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While he was in Paris, Rufino Tamayo received a second invitation to take part in the Mexican Biennial that was being organized by the Instituto Nacional de Bellas Artes (INBA).This time, in an attempt to persuade him, Miguel Salas Anzures told him that he would be among the honored participants. Tamayo had originally said that he was unable to participate because he had no available paintings; this time, however, he realized that he would have to tell the truth. Tamayo explained that his decision was based on the fact that a clique was promoting the event; according to him, Mexico was a country “ruled by cronyism, where there is still an absence of democracy.” The painter insisted that he did not belong to any group, least of all to the one that dominated the politics of painting, which meant that he had no hope of success in a contest of the kind that was being organized. Tamayo also mentioned that he was not in the least bit enjoyed for being honored in a tribute among the dead.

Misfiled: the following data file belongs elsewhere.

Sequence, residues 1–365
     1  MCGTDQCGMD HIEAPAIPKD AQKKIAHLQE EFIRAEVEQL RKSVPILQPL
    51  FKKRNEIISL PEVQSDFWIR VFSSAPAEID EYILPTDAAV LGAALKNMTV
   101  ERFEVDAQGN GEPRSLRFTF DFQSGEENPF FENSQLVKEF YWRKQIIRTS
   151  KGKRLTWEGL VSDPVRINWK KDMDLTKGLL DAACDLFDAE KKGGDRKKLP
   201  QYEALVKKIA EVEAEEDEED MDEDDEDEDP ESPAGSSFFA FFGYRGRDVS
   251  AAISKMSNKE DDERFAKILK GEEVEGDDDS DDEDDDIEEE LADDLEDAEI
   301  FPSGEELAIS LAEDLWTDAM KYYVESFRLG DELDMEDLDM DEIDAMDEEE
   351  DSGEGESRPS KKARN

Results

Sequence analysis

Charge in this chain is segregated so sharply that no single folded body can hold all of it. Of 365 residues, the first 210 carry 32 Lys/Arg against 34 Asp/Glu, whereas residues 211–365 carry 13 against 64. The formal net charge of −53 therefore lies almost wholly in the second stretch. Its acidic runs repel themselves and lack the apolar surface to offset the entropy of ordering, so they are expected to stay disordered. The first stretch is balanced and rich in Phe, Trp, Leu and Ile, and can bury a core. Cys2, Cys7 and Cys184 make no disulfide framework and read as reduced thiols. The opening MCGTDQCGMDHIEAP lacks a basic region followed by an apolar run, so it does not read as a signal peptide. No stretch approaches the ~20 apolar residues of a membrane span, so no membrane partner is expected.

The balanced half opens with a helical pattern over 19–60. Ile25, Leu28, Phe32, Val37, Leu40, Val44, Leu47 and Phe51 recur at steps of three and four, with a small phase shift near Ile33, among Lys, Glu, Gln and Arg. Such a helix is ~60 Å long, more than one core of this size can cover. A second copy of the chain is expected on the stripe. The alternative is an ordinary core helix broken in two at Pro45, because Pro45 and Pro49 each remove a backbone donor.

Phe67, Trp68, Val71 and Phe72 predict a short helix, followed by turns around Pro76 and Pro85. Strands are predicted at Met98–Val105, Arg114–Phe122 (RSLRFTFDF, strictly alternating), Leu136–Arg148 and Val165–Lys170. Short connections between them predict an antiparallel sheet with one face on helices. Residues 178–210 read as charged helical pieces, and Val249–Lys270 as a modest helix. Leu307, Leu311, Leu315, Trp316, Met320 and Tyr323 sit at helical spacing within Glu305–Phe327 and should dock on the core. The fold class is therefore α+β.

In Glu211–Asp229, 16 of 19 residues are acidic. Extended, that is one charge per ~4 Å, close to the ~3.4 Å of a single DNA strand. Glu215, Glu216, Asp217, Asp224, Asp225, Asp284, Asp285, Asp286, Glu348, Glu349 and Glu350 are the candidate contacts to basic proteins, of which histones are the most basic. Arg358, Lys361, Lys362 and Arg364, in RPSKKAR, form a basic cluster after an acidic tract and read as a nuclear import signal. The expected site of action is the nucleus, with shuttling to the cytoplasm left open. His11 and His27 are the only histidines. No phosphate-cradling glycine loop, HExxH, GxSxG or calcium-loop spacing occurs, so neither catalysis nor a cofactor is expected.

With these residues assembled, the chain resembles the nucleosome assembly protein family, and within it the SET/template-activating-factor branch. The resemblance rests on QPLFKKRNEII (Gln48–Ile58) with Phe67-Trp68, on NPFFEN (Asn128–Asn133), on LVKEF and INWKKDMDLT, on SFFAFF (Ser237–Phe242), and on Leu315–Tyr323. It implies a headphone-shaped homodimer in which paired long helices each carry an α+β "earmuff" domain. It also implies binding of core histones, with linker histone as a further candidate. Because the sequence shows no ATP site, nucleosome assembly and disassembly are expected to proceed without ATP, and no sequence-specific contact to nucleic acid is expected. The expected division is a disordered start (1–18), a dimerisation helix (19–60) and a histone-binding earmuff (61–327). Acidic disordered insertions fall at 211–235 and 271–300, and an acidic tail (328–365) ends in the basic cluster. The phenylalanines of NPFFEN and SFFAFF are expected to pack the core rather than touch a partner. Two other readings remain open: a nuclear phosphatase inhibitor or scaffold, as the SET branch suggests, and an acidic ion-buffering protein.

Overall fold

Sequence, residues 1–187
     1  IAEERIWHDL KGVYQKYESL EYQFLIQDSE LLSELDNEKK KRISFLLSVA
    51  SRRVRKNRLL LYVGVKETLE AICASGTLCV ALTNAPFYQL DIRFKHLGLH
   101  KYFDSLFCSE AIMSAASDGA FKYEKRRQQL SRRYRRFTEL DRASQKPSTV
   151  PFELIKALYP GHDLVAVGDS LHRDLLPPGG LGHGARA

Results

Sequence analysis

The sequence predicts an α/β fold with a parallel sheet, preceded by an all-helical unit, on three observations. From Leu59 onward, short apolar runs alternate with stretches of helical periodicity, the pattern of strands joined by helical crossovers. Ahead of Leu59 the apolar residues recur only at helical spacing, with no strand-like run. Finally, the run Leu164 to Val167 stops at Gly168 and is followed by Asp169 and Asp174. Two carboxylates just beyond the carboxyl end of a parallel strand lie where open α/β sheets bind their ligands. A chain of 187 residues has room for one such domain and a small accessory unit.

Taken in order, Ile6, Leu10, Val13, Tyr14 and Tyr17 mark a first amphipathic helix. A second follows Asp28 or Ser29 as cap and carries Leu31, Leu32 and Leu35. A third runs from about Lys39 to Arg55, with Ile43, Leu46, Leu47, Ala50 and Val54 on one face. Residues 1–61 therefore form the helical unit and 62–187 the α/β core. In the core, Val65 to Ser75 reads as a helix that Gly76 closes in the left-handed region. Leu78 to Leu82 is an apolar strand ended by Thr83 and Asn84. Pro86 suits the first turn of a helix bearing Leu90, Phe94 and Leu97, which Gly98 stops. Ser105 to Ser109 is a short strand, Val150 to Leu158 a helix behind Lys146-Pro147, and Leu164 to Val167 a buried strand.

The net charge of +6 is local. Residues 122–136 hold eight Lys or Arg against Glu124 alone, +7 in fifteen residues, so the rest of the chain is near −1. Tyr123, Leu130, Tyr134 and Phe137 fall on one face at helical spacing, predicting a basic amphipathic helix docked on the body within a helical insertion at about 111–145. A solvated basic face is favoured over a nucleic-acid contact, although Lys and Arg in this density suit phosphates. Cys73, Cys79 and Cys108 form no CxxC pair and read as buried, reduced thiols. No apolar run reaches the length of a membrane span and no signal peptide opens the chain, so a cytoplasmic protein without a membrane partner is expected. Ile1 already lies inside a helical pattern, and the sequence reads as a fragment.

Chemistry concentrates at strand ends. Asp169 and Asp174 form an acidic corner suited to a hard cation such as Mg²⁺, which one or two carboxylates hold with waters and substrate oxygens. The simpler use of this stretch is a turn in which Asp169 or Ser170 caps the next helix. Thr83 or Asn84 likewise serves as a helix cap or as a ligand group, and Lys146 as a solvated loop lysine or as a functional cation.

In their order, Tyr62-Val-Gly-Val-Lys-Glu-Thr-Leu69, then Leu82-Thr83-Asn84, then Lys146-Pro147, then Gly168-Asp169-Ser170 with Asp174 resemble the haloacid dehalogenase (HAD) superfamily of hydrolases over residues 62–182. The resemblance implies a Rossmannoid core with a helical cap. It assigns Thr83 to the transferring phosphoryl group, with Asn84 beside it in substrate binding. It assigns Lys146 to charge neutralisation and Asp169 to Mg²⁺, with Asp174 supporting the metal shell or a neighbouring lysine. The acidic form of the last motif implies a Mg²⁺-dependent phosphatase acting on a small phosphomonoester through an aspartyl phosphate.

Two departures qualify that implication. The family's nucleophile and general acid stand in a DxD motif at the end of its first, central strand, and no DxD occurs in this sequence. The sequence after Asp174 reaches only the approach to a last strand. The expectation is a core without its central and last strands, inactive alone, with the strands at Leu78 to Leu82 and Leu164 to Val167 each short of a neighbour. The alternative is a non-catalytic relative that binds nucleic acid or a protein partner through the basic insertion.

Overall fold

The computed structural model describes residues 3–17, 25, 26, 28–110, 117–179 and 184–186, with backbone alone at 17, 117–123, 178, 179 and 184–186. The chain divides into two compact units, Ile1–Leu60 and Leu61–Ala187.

During the 1950s, Rufino Tamayo (1899-1991) had been the object of considerable criticism. It is entirely likely that his decision was a reaction against the control wielded by David Alfaro Siqueiros (1896-1974) and his group over the Biennial. On this occasion, Tamayo was not the only one who balked; the list included the collector Alvar Carrillo Gil and many painters such as Alberto Gironella (1929-99) and the others who had taken part in the exhibition at the Galería Proteo. There were, in fact, a number of contradictions which the INBA tried to manipulate to their advantage; for example, the fact that no foreigners were invited, and the claim that the Mexicans who had not taken part had done so on their own initiative. See the article published in Últimas Noticias on June 6: "Solamente extranjeros en la Bienal Bis. Bellas Artes habla sobre el grupo de los descontentitos" [Only foreigners at the ‘parallel’ Biennial. INBA discusses the group of unhappy campers]. To counter the contradictions, on June 8 the INBA announced another national print and painting contest to be held at the same time as the Biennial, and invited Mexicans and foreigners to participate. Also see "INBA. Primera Bienal Interamericana de Pintura y Grabado convoca a Gran Exposición Nacional de pintura y grabado" [INBAFirst Inter-American Biennial of Paintings and Prints issues invitation to a Grand National Exhibition of painting and prints]; "México en la cultura;" supplement of Novedades, June 8, 1958.